Promoting Healing Relationships


United Methodist Native Americans and others unite to promote healing, reconciliation

By M. Garlinda Burton

As we remember this month the heritage and contributions of Native Americans to our church and society, United Methodists across the United States are engaged in tangible acts of repentance, hope and reconciliation regarding Native people. Their ministries—lead by Native and non-Native church members—call each of us to engage in healing and bridge building, especially with those harmed by the church.

In Colorado, United Methodists have spent much of the year reflecting on the 150th anniversary the massacre of Arapaho and Cheyenne people by U.S. cavalrymen who were led by Methodist preacher John Chivington. Trustees and others in the Rocky Mountain annual conference—led by Bishop Elaine Stanovsky—are considering ways to make tangible amends, such as sharing the proceeds of church property sales with Native people and offering scholarships to Native students.

On Oct. 4, students from the University of North Carolina at Pembroke volunteered from as part of the federal national Day of Service campaign along with Sacred Pathways, Inc. staff, to plant fall vegetables in all of the garden beds. Photo Courtesy of Ruth Woods.


Across the nation, in Pembroke, N.C., Native Americans United Methodists lead an interfaith ministry of support and self-help for indigent people—Native and non-Native—called Sacred Pathways. Supported by North Carolina Conference United Methodists through their gifts on Native American Awareness Sunday (April), Sacred Pathways provides food, shelter and social services for low-income families of all races in their heavily Lumbee community.

Project director Ruth Dial Woods, herself a Lumbee, says the project started as an invitation to serve people living on the streets. It quickly expanded to encompass partnerships with local churches and social service agencies, offering everything from substance abuse counseling to buying groceries for hungry families to praying with people in tears because they have nothing.

Known as “the little cottage with the big heart”–a reference to the headquarters located in a white-frame house—Sacred Pathways literally saves lives, their clients say.

“We deal with so many things on the streets, that we have to have this place,” says Dexter, who lives most times on the streets of Pembroke. Currently the center is working with churches to build raised gardens in local housing projects, particularly for elderly residents.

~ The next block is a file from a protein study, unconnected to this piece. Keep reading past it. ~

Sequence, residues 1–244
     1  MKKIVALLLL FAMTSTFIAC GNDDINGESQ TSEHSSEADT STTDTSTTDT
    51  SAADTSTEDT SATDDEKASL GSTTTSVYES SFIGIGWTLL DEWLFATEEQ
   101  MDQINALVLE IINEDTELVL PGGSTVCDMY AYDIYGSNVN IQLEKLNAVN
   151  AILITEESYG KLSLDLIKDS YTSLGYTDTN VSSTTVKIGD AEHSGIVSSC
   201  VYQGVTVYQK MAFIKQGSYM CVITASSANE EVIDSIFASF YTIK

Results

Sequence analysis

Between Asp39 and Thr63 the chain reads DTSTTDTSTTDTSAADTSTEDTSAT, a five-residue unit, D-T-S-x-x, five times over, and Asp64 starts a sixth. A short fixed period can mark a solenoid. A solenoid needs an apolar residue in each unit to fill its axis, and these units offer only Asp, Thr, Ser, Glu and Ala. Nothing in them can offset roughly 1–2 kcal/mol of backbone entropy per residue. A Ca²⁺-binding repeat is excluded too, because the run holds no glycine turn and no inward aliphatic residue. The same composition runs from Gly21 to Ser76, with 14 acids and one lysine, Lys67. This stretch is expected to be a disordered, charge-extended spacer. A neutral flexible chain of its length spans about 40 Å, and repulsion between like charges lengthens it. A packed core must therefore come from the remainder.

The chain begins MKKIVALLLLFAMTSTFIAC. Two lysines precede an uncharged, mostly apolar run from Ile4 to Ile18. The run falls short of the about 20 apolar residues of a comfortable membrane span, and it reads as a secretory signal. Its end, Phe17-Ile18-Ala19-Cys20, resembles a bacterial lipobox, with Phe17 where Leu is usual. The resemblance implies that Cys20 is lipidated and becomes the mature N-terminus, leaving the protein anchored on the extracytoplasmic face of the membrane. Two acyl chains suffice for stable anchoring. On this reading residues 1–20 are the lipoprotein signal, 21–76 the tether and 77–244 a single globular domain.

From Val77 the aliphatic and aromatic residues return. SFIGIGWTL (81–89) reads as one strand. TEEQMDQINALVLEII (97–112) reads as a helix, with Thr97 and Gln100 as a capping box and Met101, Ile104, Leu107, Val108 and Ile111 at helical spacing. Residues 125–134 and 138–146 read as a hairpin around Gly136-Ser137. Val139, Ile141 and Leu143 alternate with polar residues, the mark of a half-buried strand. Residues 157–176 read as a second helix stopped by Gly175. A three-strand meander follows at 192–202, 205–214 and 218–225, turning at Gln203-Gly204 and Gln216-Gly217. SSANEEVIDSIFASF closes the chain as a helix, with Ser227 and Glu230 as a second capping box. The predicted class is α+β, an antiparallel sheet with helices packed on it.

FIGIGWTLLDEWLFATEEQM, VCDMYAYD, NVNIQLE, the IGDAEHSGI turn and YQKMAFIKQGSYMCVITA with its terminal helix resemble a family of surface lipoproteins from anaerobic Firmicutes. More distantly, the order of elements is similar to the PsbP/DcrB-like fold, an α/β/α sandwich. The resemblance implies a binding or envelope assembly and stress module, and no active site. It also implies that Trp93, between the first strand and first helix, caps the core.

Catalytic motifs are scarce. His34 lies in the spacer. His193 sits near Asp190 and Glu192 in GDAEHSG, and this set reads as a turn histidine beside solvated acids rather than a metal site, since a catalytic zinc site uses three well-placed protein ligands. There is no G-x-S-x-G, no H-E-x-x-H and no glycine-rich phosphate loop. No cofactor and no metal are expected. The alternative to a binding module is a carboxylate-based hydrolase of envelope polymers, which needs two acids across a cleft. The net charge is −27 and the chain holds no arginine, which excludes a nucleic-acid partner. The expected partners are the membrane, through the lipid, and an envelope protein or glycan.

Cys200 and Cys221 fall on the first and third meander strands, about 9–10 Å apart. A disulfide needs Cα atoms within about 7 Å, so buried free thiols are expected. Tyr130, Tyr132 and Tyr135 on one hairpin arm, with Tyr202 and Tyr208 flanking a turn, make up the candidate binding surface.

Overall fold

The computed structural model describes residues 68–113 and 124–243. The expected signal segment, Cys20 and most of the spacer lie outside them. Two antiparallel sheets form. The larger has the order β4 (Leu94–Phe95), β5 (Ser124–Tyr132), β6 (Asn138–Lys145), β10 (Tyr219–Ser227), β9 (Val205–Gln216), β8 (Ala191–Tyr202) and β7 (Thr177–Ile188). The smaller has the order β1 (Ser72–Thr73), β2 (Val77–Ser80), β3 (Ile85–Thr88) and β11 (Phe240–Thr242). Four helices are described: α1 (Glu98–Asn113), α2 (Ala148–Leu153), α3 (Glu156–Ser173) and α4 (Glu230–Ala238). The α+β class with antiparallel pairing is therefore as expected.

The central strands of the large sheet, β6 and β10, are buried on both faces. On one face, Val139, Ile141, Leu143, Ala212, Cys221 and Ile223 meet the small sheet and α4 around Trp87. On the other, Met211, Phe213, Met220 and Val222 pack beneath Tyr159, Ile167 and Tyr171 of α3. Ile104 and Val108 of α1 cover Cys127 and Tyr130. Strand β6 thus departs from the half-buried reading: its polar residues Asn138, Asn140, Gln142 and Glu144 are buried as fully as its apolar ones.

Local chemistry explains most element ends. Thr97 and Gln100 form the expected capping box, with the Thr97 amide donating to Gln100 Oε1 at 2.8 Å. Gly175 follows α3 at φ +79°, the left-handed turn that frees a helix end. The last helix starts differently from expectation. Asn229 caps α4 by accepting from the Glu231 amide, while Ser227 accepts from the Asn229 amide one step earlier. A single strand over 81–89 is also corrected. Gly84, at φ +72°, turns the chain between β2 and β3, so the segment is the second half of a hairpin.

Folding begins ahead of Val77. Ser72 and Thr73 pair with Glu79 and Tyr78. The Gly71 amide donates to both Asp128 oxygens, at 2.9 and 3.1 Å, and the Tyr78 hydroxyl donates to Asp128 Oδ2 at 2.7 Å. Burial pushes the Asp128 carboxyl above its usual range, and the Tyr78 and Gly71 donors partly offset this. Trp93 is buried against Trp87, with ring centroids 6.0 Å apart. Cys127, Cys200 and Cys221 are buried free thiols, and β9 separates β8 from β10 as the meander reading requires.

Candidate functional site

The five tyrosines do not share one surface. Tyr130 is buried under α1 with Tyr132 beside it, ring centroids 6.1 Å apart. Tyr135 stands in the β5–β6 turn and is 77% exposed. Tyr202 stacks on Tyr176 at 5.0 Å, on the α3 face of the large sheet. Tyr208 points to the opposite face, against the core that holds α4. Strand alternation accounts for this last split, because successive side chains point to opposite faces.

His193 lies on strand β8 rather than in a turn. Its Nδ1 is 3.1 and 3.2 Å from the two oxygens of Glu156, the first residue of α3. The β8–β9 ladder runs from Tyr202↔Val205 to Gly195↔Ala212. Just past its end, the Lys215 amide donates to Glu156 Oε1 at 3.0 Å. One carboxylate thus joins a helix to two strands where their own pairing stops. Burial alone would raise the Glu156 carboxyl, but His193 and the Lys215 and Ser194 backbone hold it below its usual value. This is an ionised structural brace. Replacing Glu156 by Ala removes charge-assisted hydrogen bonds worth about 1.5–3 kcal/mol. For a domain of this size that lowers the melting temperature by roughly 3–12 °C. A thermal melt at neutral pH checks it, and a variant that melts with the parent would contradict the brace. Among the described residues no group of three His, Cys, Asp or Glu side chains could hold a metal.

The North Carolina Conference Committee on Native American Ministries, which includes Sacred Pathways, is one of the most active in the U.S. United Methodist Church, with one of the most extensive networks of churches and ministries with Native Americans in the Southeast Jurisdiction.

Congregations like Prospect United Methodist Church in Maxton, N.C. view their roles as providing both spiritual and practical help for the pressing social concerns of people around them. Poverty, substance abuse, despair and disconnected among Native Americans are met with love and support. Last May, Prospect members brought together 340 for a substance abuse awareness workshop under the theme “Stop the Pain.” The training included worship, wisdom from older, traditional Native leaders and resources from local agencies.

The 2012 General Conference urged United Methodist bishops and congregation to engage in tangible acts of repentance for the church’s historic role in displacing and destroying the culture and homeland of Native American, and to seek ways to make amend. Local congregation, annual conferences and church-related agencies of all races and cultures are slowly answering this call.

Visiting professor, the Rev. Steven Charleston, an Episcopalian and Choctaw, confers with a student at Saint Paul School of Theology in Oklahoma City. UMCom photo by Boyce Bowdon.


Church-related Saint Paul School of Theology at Oklahoma City University is working a comprehensive plan specifically nurture Native Americans leaders within and beyond the church. A first step was a 2009 gathering of several hundred Native clergy and laity to discuss immediate needs. Thanks to a grant from the Henry Luce Foundation, the school hired a visiting professor in Native American ministries, the Rt. Rev. Steven Charleston, a Choctaw and former bishop of the Episcopal Church in Alaska.